Xi spent a large portion of his speech Friday addressing Chinese domestic reforms, pledging to address state subsidies, protect intellectual property rights, allow foreign investment in more sectors and avoid competitive devaluation of the yuan. All four are issues the U.S. is addressing in trade talks with Beijing.

“We will establish a binding enforcement system for international agreements,” Xi said, adding that China will standardize all levels of government in terms of issuing administrative licenses and market regulation, and also “eliminate improper rules, subsidies and practices that impede fair competition and distort the market.”

Xi’s promises have been echoed by officials over the past few months and China has taken several steps to address U.S. concerns, including passing a new foreign investment law that bans forced technology transfers. Trade negotiators led by Lighthizer return to Beijing next week as both sides work toward a face-to-face meeting between Trump and Xi to ink a deal. Read more from Bloomberg News.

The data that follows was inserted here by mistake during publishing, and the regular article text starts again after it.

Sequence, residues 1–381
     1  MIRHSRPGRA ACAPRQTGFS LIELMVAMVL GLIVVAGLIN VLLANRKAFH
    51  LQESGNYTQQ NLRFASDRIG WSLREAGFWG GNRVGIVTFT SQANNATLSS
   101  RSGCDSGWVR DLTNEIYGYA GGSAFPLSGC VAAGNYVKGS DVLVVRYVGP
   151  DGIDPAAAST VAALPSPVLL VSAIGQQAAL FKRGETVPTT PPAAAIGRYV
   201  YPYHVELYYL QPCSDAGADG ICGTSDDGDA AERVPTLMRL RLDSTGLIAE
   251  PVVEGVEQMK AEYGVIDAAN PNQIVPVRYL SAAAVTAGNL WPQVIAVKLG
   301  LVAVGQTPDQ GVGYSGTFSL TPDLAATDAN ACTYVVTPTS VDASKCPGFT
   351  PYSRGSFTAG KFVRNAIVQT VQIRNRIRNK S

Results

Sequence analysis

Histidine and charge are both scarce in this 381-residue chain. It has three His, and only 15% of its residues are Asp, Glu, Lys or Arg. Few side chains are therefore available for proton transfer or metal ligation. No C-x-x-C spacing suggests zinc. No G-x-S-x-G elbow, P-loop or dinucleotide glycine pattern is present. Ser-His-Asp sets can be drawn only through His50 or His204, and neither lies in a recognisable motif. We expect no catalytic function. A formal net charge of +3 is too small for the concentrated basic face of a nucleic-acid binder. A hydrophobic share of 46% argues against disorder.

U.S. Said to Mull Concessions on Drug Protections in China Talks: The Trump administration may concede to a Chinese proposal that would give less protection for U.S. pharmaceutical products than they receive at home, according to people familiar with the matter, a move that could draw opposition from the American drug industry. Under the Chinese offer being discussed as part of wider trade talks, U.S. pharmaceutical companies would get eight years of regulatory data protection in China for the biologics they develop, said two people, who spoke on condition of anonymity because the discussions are private.

That compares with the 10 years of protection they get in the new NAFTA, which Congress hasn’t yet approved, and the 12 years they receive in the U.S. The move raises the possibility that, in the middle of a fierce U.S. debate over drug prices, the Trump administration would give China a stronger mechanism to force down prices for some of the world’s most expensive drugs than the U.S. has. Read more from Jenny Leonard.

Elections, Politics, Probes